There are many divisions in the US and worldwide today - culturally, financially, and in education to name a few, however, the digital divide is a much-discussed issue that has long been at the forefront of talks within IT and communications industries, as well as US policymakers.
The pandemic revealed the importance of broadband for those who were working remotely, the healthcare industry, and education departments but also emphasized the breaks in broadband connectivity between well-served and underserved regions, particularly in the rural areas of the US and low-income households.
Exacerbated by the COVID-19 pandemic, the US Congress is now taking action, granting $65 billion to help to provide broadband for every household as part of the Bipartisan Infrastructure Law, additionally, roughly $44 billion directly allotted to individual states through Broadband, Equity, Access, and Deployment (BEAD) and State Digital Equity Capacity Grant programs, what is more, in excess of $20 billion has been allocated under the American Rescue Plan Act and another $20 billion+ being granted under the Rural Digital Opportunity Fund according to McKinsey.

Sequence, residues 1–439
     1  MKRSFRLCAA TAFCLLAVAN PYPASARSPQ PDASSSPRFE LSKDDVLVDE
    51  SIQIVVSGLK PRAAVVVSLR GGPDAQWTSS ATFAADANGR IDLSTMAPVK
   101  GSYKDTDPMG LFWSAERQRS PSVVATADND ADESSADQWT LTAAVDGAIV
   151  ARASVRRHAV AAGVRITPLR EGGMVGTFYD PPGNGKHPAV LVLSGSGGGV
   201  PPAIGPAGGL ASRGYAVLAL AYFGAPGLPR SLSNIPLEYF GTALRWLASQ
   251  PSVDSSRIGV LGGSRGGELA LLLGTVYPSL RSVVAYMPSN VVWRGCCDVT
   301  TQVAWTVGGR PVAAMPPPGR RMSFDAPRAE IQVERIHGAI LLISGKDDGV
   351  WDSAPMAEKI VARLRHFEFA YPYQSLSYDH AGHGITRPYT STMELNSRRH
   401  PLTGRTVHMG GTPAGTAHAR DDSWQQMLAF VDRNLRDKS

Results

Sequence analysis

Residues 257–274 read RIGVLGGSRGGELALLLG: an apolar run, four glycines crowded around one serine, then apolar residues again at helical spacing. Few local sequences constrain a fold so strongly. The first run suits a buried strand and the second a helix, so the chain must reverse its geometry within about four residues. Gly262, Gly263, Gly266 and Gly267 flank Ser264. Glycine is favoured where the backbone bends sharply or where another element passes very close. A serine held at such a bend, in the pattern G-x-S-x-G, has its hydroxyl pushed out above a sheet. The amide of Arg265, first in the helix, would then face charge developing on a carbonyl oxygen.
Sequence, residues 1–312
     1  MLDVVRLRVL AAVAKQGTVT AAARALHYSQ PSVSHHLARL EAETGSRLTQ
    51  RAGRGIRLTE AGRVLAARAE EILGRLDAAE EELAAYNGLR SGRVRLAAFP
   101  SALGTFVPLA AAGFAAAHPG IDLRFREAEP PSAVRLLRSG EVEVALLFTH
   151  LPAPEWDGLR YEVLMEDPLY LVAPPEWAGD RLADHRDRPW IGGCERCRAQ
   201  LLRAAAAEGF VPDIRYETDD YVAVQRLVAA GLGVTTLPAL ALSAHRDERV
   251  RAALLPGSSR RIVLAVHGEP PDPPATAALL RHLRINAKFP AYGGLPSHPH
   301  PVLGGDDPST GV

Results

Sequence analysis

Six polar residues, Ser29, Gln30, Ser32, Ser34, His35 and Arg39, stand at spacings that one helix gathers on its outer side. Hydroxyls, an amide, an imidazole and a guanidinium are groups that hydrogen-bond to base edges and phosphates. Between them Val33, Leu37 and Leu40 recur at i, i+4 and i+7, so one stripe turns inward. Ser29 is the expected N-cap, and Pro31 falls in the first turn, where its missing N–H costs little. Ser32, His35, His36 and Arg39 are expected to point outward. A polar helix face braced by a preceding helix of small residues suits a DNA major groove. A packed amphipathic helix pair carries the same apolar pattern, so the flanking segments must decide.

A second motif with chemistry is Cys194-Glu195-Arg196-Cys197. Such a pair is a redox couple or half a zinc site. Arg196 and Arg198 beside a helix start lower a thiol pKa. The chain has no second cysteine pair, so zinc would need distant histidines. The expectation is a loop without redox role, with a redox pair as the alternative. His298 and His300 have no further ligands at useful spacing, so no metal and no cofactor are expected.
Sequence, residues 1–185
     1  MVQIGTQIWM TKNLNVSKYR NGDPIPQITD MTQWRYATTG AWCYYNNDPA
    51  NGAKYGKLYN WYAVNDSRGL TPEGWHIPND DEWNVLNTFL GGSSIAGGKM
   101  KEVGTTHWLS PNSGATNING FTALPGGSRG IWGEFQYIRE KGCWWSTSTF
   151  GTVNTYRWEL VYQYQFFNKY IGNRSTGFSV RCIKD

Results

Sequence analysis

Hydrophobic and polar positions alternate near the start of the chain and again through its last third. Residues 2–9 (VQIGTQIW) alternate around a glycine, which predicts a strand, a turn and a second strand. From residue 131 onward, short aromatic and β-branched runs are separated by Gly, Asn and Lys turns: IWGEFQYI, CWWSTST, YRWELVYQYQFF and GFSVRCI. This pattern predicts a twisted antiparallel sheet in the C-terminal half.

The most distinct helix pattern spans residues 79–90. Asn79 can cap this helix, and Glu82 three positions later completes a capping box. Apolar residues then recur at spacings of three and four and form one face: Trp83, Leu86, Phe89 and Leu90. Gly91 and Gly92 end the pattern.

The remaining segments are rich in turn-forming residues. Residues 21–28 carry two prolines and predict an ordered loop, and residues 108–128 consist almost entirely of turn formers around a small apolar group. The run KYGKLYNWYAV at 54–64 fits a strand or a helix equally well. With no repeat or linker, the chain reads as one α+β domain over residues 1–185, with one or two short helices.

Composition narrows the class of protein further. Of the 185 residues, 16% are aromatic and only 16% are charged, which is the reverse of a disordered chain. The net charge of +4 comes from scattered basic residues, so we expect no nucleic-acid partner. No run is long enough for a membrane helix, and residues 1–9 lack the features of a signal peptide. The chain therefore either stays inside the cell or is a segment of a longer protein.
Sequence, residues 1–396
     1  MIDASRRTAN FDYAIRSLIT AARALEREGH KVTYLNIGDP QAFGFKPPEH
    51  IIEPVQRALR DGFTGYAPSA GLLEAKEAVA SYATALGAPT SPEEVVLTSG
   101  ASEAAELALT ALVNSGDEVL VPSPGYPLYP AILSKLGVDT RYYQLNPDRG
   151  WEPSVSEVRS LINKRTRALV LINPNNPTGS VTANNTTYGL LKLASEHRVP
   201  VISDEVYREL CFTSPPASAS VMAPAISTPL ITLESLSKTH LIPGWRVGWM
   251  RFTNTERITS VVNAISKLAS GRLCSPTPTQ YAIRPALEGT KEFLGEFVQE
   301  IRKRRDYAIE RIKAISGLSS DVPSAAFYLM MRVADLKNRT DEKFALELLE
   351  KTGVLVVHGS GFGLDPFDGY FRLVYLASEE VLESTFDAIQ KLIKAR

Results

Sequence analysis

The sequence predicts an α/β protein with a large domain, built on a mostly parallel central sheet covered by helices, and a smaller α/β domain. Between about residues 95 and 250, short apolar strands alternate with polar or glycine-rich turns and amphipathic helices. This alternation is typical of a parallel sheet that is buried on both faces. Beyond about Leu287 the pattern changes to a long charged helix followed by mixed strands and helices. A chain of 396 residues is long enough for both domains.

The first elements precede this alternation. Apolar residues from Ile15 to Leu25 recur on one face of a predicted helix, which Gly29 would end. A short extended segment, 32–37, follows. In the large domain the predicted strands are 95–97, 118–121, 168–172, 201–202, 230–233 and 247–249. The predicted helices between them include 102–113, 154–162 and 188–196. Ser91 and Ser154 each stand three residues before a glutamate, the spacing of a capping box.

According to the Federal Communications Commission (FCC (News - Alert)), which stated in its annual Broadband Deployment Report (released on January 19, 2021), a staggering 21 million Americans are still without broadband connectivity. According to a separate, independent report by the Pew Research Center, a significant portion of the American population on lower incomes is beginning to grow in tech adoption indicated by smartphone ownership and Internet usage, but this increase is small.
The FCC regulates interstate and international communications comprising radio, television, wire, satellite, and cable in all 50 states across the United States, the District of Columbia, and other U.S. territories. As an independent U.S. government agency overseen by Congress, the Commission is the federal agency responsible for implementing and enforcing America’s communications laws and regulations.